FDA Grants Priority Review to Keytruda Combo as Frontline Treatment for Kidney Cancer

The Food and Drug Administration granted a priority review to Keytruda (pembrolizumab) in combination with Inlyta (axitinib) as a frontline treatment for advanced renal cell carcinoma.
BY Kristie L. Kahl
PUBLISHED February 15, 2019
The Food and Drug Administration (FDA) granted a priority review to Keytruda (pembrolizumab) in combination with Inlyta (axitinib) as a frontline treatment for advanced renal cell carcinoma (RCC), according to Merck, the manufacturer of the anti-PD-1 therapy.

“Many patients with advanced renal cell carcinoma face a poor prognosis and there remains a need for new and effective treatment options in the first-line setting,” said Roger M. Perlmutter, M.D., Ph.D., president of Merck Research Laboratories, in a press release.

The new biologics license application was based on findings from the phase 3 KEYNOTE-426 trial, designed to evaluate Keytruda in combination with Inlyta compared with Sutent (sunitinib) as a frontline treatment in 861 patients with advanced RCC.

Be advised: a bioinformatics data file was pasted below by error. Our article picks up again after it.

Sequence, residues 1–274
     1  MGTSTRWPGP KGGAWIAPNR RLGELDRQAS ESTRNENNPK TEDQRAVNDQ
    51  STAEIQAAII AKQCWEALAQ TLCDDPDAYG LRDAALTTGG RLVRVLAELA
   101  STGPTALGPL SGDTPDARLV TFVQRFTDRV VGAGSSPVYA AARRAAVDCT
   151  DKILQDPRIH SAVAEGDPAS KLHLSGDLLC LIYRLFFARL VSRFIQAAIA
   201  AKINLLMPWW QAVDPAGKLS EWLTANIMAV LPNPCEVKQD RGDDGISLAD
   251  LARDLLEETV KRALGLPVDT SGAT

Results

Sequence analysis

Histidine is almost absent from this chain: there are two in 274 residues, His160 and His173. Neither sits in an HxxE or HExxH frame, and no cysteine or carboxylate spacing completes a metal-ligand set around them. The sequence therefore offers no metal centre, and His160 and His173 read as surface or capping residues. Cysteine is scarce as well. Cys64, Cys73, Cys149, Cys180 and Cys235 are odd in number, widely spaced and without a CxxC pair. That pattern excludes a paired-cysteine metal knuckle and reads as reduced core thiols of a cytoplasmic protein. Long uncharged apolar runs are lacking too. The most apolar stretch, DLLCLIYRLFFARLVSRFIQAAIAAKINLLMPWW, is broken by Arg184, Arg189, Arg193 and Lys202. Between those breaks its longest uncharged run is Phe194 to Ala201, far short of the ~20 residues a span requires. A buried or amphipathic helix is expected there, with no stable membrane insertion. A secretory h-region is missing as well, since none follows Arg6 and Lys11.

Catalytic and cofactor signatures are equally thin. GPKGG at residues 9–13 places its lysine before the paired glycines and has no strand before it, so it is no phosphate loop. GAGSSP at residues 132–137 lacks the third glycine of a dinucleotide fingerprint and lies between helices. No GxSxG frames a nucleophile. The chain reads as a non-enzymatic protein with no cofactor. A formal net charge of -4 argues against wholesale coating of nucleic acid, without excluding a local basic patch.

In October 2018, Merck announced the trial had met its coprimary endpoints of significant improvement in overall and progression-free survival, as well as the secondary endpoint of significantly improved objective response rate. The company also noted that safety data for Keytruda and Inlyta were consistent with earlier findings from studies of each agent.

“KEYNOTE-426 demonstrated that an anti-PD-1 combination therapy significantly improved overall survival and progression-free survival versus sunitinib in the first-line treatment of advanced renal cell carcinoma. We look forward to working with the FDA to bring this Keytruda combination to patients,” Perlmutter added.

Further data from this study will be presented at the 2019 Genitourinary Cancers Symposium in San Francisco on Feb. 16.

The application also included supporting data from the phase 1b KEYNOTE-035 trial, which showed that antitumor activity with the combination was superior to that expected from Inlyta or a PD-1/PD-L1 pathway inhibitor monotherapy in treatment-naïve patients with advanced RCC. In addition, fewer liver function test abnormalities and less fatigue were reported compared with other combinations of VEGF inhibitors and PD-1 checkpoint inhibitors, as previously reported by OncLive, a sister publication of CURE’s.

The FDA has set a target action date of June 20, 2019.
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